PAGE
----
- What is Mr. Miller's neighbor suggesting?
- Mr. Miller forgets everything.
- Mr. Miller may have left his car door unlocked the day the radio was stolen.
- Mr. Miller is too carefree for his own good.,/li>
You can attack the question this way: Which of these three statements do the sentences in the neighbor's statement support? Try a process of elimination. Do all of the sentences support choice a? If not, cross a out. Do all of the sentences support choice b? Choice c?
The correct answer is b, "Mr. Miller may have left his car door unlocked the day the radio was stolen." How can you tell? Because this is the only idea that all of the sentences in the neighbor's statement support. You know that Mr. Miller often doesn't lock his car doors; you also know that he often forgets things. The combination makes it likely that Mr. Miller left his car door unlocked on the day his car radio was stolen.
Practice Passage 3
Now look at a paragraph in which the language the writer uses is what enables you to determine meaning. Here is a description of Coach Lerner, a college basketball coach, written by one of his players. Read the paragraph carefully and see if you can determine the implied main idea of the paragraph.
Coach Lerner, my basketball coach, is six feet ten inches tall with a voice that booms like a foghorn and the haircut of a drill sergeant. Every morning, he marches onto the basketball court at precisely 8:00 and dominates the gymnasium for the next three hours. He barks orders at us the entire time and expects that we will respond like troops on a battlefield. And if we fail to obey his commands, he makes us spend another 45 minutes under his rule.
Before you decide on the implied main idea, list your observations. What did you notice about the language in this paragraph? An example is provided to get you started.
Example:I noticed that Coach Lerner's voice is compared to a foghorn.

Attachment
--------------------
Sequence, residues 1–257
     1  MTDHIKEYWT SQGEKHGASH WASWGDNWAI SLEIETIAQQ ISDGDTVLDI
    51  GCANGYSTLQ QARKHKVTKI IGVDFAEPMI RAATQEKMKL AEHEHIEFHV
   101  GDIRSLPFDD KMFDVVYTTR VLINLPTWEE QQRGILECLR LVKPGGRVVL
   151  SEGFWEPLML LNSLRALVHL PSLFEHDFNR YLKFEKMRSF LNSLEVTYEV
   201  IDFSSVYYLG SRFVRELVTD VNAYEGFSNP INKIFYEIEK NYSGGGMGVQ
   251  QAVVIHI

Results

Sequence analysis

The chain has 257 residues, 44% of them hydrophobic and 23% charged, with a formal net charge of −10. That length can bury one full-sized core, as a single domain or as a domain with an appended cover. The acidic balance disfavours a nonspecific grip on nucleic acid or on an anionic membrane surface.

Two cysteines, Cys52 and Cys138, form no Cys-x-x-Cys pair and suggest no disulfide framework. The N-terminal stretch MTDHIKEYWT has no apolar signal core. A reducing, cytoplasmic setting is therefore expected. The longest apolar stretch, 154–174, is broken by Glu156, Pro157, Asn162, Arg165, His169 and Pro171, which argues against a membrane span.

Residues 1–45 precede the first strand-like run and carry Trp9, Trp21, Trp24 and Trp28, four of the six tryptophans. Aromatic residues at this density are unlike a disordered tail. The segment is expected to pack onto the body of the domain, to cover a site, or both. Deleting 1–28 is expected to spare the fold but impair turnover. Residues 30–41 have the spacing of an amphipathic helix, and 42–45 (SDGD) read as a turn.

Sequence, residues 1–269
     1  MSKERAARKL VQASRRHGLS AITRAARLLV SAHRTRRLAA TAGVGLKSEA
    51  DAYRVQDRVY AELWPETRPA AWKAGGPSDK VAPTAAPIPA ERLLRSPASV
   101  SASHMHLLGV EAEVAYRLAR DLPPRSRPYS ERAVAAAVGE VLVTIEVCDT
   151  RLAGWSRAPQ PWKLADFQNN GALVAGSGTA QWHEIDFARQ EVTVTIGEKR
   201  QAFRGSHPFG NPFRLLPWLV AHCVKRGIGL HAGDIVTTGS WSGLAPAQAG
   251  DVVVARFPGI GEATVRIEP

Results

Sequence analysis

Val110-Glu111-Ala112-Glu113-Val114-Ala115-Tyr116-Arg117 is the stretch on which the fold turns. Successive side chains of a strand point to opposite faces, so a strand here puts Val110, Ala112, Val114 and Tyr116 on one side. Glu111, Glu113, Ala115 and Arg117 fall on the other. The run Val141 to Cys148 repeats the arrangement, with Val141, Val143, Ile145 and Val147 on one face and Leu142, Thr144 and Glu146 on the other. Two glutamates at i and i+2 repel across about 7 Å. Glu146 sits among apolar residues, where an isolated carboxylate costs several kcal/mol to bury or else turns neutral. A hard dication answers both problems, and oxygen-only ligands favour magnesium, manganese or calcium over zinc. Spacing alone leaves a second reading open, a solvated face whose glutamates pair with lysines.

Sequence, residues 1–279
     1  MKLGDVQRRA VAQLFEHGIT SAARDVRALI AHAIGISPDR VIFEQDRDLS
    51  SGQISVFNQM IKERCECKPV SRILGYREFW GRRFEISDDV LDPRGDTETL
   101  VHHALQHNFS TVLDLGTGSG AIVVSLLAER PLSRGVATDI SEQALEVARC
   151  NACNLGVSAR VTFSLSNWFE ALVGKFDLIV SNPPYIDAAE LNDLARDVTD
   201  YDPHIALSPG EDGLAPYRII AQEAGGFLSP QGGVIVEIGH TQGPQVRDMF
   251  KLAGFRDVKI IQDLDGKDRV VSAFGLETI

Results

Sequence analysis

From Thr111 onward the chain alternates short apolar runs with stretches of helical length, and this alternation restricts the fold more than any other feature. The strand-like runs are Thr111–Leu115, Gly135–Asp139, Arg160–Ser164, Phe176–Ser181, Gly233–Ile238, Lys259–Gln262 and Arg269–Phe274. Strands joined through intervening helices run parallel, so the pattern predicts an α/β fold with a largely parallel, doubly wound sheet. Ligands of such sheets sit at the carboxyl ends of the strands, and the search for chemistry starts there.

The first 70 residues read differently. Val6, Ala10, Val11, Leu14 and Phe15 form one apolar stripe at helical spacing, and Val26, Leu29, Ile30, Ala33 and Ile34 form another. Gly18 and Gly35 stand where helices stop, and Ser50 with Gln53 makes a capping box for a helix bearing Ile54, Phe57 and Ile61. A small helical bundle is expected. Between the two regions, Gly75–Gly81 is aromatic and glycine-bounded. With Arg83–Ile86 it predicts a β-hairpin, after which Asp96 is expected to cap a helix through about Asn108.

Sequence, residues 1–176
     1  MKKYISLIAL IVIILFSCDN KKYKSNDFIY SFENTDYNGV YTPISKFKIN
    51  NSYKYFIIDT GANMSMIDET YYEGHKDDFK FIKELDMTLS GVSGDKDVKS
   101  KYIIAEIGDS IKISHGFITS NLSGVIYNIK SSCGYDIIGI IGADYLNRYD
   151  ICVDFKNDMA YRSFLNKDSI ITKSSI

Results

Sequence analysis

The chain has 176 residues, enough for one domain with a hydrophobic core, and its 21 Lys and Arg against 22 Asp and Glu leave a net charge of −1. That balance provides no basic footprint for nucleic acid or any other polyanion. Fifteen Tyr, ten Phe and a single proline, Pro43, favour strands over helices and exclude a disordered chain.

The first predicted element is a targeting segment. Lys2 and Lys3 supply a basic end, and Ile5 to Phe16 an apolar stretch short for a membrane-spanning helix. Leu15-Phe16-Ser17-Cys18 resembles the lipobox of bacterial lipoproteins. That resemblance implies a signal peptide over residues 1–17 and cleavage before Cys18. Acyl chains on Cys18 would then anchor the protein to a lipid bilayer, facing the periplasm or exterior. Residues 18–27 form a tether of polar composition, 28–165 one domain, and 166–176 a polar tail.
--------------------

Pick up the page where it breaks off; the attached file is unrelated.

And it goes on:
- Which of the following best expresses the implied message of the passage?
- Playing on Coach Lerner's team is difficult.
- Playing on Coach Lerner's team is like being under the command of an army general.
- Coach Lerner is a terrible basketball coach.
The correct answer is choice b, "Playing on Coach Lerner's team is like being under the command of an army general." There are many clues in the language of this paragraph that lead you to this inference. First, you probably noticed that Coach Lerner's voice "booms like a foghorn." This comparison (called a simile) suggests that Coach Lerner wants his voice to be heard and obeyed.
Second, the description of Coach Lerner's haircut is a critical part of the way the author establishes the tone of this paragraph. To say that he has "the haircut of a drill sergeant" (also a simile) makes us think of a military leader whose job it is to train soldiers. A writer wouldn't use this comparison unless he or she wanted to emphasize military-like discipline.
The author tells us that Coach Lerner "marches onto the basketball court," "barks orders," and expects his players to respond like "troops on a battlefield." The writer could have said that Coach Lerner "strides" onto the court, that he barks "instructions," and that he expects his players to act like "trained dogs." However, since the author is trying to paint a picture of Coach Lerner that will bring to mind a military leader, he uses words that convey military ideas. Thus, though choices a and c may be true—it might be difficult to play for Coach Lerner and he might be a terrible basketball coach—choice b is the only idea that all of the sentences in the paragraph support.